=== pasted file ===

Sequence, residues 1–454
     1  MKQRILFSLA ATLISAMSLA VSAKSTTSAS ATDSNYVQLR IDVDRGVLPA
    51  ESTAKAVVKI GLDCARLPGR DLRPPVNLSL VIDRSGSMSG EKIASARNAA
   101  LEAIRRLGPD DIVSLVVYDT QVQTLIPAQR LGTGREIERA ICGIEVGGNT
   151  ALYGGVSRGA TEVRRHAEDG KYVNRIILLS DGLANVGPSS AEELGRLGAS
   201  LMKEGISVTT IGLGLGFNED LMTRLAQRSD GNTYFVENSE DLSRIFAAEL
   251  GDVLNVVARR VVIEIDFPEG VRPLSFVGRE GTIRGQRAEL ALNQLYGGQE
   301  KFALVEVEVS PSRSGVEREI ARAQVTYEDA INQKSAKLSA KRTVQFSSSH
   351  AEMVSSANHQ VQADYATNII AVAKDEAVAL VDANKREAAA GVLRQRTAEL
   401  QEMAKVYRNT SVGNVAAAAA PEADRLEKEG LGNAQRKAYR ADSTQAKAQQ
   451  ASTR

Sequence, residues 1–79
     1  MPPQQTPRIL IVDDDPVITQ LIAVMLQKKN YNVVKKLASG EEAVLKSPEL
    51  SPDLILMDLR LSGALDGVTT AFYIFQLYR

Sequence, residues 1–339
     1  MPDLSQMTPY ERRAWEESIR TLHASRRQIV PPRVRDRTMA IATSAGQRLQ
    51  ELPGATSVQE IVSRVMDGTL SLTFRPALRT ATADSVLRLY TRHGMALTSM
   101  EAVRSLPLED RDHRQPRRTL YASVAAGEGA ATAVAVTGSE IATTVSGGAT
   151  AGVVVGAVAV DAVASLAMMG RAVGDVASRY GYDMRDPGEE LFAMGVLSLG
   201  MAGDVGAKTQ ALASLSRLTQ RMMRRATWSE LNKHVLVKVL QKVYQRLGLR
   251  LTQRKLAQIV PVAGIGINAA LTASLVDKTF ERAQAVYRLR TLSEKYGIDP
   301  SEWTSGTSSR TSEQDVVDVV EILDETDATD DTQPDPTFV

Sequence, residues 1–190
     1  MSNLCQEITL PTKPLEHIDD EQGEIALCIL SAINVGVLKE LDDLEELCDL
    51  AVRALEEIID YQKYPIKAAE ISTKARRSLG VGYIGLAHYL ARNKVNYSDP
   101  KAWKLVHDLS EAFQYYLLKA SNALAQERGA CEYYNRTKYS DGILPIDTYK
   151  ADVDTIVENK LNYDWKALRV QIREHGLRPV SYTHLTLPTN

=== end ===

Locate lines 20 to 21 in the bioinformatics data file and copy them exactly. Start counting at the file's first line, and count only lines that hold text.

   201  MAGDVGAKTQ ALASLSRLTQ RMMRRATWSE LNKHVLVKVL QKVYQRLGLR
   251  LTQRKLAQIV PVAGIGINAA LTASLVDKTF ERAQAVYRLR TLSEKYGIDP